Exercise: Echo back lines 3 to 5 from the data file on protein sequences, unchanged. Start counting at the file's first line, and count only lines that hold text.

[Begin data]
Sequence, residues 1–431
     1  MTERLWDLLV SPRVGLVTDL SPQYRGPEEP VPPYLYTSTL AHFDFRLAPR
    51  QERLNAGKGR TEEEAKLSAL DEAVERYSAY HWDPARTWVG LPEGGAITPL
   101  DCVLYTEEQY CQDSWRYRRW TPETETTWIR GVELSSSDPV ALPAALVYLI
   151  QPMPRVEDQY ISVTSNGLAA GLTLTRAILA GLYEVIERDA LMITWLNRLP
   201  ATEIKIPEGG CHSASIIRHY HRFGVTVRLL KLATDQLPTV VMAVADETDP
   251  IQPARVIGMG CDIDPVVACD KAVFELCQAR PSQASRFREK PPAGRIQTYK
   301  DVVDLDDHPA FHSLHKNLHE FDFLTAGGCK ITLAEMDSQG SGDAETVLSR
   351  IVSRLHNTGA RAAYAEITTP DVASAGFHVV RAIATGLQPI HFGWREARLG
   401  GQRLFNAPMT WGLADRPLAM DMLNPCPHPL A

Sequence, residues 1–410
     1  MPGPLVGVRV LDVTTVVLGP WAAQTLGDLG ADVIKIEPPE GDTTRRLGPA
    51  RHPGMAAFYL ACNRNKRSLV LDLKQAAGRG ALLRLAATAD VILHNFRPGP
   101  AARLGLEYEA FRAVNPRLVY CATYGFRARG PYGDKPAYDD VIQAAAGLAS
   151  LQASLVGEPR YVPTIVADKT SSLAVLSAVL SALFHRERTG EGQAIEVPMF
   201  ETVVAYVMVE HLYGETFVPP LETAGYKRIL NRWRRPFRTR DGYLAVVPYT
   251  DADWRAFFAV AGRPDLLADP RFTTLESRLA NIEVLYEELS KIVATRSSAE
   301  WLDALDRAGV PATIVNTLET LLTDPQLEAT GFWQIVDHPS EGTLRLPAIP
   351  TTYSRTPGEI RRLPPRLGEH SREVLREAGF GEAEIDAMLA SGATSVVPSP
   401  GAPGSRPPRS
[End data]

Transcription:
    51  QERLNAGKGR TEEEAKLSAL DEAVERYSAY HWDPARTWVG LPEGGAITPL
   101  DCVLYTEEQY CQDSWRYRRW TPETETTWIR GVELSSSDPV ALPAALVYLI
   151  QPMPRVEDQY ISVTSNGLAA GLTLTRAILA GLYEVIERDA LMITWLNRLP